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Deniz Yücel: reckless maybe, not without authorization

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Deniz Yücel, president of the German PEN Center, has called for a no-fly zone in Ukraine. Now some of his predecessors are calling for his resignation.

Deniz Yücel at Lit.Cologne in Cologne © Oliver Berg/​dpa

At the opening event of the Lit.Cologne literature festival, a remarkable event apparently took place. At least five former presidents of the German writers’ association PEN wrote a letter demanding that the current incumbent deniz yucel you can resign immediately. Last week, Yücel participated in a round table on the theme “Solidarity with Ukraine”, where he spoke in favor of considering a no-fly zone when asked how Europe should behave in this war (“It would not be a good idea, isn’t it?”) and spoke at length and enthusiastically about the political implications of this idea.

In the letter, which is available to ZEIT ONLINE, the authors (Jose Haslinger, Christoph Hein, Regula Venske, Gert Heidenreich, Johano Strasser) before Yücel that he had violated the statutes of international PEN with his military-strategic declarations. It contains the obligation to “work with the greatest force the ideal of a (…) humanity living in peace.” In addition, he had “exceeded the powers” of the position. And it almost sounds like the German PEN club is dealing with a bit of a scandal, some kind of fight or at least a debate about what their leader can or cannot say publicly, which is a bit ironic, since PEN is for above all dedicated to the protection of freedom of speech and expression. That applies to imprisoned poets in Turkmenistan, and probably should also apply to the president of the association.

First of all: it probably won’t offend Deniz Yücel if he says that what a German PEN president personally considers appropriate in terms of military strategy is irrelevant to the specific course of the Ukraine war. Fortunately, a writers’ association president doesn’t have to sit in the command room of a military alliance and isn’t in possession of air force mission clearance codes. But that shouldn’t stop you from talking about it. In doing so, you only contribute to the formation of public opinion, which is currently so chaotic, contradictory, partly self-absorbed and often powerless anyway, also in the face of several thousand instant four-star generals who play their rounds of risk in the social networks and hastily convened political conversations, so that Yücel’s considerations fit better with the current murmurs and devices. The damage of declaring him, if any, should be miniscule in case of doubt.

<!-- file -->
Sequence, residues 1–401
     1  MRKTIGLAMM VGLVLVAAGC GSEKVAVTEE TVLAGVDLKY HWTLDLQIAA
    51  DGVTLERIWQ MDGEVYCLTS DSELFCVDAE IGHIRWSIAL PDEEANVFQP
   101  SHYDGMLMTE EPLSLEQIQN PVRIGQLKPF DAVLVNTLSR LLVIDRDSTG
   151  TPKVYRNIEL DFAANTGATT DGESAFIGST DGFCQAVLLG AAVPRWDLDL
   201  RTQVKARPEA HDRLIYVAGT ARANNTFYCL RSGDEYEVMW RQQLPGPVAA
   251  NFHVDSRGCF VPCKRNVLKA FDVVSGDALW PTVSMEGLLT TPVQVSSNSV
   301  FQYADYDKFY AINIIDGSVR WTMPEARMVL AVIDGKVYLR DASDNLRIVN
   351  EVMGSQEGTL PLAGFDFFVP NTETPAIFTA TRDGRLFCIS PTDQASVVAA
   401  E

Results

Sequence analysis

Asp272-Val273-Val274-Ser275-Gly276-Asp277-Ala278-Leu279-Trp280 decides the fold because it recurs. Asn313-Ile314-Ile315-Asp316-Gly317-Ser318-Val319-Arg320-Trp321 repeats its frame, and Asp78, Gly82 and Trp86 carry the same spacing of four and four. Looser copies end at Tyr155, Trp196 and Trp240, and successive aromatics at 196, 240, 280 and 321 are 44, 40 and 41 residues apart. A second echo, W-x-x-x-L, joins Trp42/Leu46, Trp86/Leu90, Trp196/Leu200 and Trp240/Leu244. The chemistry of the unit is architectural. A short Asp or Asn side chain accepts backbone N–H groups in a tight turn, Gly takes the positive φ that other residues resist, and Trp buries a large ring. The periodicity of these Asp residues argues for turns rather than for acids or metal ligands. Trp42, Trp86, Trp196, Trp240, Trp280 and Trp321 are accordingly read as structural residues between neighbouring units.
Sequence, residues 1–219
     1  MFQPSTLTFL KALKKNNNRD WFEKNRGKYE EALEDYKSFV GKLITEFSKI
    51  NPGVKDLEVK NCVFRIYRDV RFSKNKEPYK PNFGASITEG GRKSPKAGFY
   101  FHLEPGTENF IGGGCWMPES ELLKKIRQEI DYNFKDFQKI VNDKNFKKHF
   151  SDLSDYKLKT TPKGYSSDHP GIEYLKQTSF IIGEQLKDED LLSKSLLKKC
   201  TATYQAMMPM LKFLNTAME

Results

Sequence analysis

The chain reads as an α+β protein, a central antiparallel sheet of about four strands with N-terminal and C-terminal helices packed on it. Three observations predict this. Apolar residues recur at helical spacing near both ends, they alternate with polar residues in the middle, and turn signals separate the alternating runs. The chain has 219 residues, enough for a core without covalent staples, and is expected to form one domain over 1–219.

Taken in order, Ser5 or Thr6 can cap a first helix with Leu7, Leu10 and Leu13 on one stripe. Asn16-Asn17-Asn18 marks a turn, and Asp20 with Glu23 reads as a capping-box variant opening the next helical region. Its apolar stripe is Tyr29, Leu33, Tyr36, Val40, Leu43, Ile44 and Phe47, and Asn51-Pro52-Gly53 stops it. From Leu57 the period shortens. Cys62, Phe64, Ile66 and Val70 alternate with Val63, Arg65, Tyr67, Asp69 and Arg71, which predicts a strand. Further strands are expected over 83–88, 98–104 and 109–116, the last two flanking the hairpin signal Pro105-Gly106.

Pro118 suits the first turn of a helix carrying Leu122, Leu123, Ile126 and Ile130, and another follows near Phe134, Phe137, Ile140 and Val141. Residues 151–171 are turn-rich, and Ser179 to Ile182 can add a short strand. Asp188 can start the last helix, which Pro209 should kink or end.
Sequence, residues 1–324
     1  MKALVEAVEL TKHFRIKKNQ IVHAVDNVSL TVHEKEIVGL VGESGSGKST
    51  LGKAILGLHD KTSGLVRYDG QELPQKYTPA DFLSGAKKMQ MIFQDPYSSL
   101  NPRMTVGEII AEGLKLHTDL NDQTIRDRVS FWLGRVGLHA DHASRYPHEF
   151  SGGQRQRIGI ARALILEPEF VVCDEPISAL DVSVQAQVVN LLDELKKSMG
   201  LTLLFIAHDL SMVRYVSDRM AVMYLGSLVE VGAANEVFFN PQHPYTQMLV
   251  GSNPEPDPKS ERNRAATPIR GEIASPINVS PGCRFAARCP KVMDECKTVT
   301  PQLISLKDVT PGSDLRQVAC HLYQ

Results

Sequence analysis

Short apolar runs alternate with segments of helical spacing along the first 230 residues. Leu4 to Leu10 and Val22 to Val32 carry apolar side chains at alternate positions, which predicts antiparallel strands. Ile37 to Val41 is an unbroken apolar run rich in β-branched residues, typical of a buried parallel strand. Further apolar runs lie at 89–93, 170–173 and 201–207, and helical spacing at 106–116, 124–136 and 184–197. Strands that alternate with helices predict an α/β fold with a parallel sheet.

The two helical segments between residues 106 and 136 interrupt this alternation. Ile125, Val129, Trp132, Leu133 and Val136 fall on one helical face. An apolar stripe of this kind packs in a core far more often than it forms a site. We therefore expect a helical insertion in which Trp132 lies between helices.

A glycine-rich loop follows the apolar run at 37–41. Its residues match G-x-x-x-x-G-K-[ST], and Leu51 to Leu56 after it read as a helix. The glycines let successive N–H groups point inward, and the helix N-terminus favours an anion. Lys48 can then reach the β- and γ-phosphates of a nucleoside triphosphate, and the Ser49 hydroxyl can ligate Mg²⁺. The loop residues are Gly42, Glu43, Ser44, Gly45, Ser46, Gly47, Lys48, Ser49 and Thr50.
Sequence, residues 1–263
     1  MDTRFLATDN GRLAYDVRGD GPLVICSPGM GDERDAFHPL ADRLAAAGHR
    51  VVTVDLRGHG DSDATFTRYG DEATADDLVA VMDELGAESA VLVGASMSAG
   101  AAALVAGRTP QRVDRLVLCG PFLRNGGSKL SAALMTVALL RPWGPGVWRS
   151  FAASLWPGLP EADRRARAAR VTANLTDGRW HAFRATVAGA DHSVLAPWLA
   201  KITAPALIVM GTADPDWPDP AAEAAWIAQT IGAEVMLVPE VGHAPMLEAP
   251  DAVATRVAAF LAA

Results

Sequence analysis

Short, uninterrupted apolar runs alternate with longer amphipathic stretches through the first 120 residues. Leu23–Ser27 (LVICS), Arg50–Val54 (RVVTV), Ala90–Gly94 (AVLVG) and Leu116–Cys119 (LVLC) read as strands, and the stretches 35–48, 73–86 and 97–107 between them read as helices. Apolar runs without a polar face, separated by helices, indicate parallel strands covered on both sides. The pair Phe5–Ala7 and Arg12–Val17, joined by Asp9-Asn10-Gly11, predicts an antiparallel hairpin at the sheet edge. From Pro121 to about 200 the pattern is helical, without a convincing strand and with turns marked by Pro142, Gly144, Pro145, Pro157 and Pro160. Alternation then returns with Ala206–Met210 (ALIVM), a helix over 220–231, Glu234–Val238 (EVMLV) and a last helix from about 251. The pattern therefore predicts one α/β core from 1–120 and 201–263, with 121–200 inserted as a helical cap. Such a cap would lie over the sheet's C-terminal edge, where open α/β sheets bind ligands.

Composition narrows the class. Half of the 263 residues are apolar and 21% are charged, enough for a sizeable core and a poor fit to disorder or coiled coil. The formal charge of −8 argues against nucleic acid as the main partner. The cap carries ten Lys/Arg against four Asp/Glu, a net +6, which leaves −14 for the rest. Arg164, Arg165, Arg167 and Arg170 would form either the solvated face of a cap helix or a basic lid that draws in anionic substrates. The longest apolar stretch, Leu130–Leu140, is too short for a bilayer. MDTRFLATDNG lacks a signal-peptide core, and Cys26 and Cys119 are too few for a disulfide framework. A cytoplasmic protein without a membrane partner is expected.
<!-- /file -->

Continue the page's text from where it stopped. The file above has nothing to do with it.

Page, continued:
Certainly, Yücel must have said something reckless, possibly also reckless. There are plenty of good reasons to consider the closure of airspace and NATO’s entry into the war wrong, especially when a Russian president has medium- and long-range missiles capable of delivering nuclear weapons. Comparing this threatening situation to a brawl in the schoolyard, as Yücel did, in which someone suddenly pulled out a knife, can be considered naive. But it is not a reason for resignation.

In today’s discussions, which do not only take place on reading afternoons in Cologne, Yücel’s position is not particularly exotic. He is within the established framework of public debate. There are numerous Ukrainian and German writers who share the same opinion, Sasha Marianna Salzmann, for example, even sat at the same event alongside Yücel, who is known to be a full-time author and discussion journalist. A circumstance PEN was familiar with before he was brought into office.

The core of this discussion seems to be how this office should be interpreted in principle: whether it should be an office of dignitaries of the nobility, with careful restraint and symbolic political demands. Or if someone can sit there with a more offensive behavior, sometimes with an excessive desire to debate and thesis and just the awareness to speak also as a journalist and public person and not just as a German club president who writes elegant greetings and warnings. By the way, also someone who, like no one before, faces the dilemma that PEN assumes in its statutes to “work for the ideal of a united world and humanity living in peace”, but now that Russia is launching a war of aggression on Europe leads, which is unfortunately also discussed at literary events, how and by what means this peace can be restored at all.

It is fortunate that Yücel’s most recent predecessors have never found themselves in this situation during long periods of peace in Europe. But it is a bit strange to accuse his successor of struggling for ideas and words in this new situation and general impotence, although some frivolous ones may emerge in the end.

In the end, it may be something else entirely: FAZ recently published a guest article by PEN member Petra Reski on the current dispute, in which she complains about the supposedly harsh tone of voice since Deniz Yücel took office there. The article, which sometimes quotes excerpts from internal emails without much context, gives the impression that PEN itself is now at loggerheads and that there is more anger and trouble among members than the military-strategic considerations of their president. But one can only guess about that. Or write a German Vereinsmeier comedy when the world in general has calmed down a bit.

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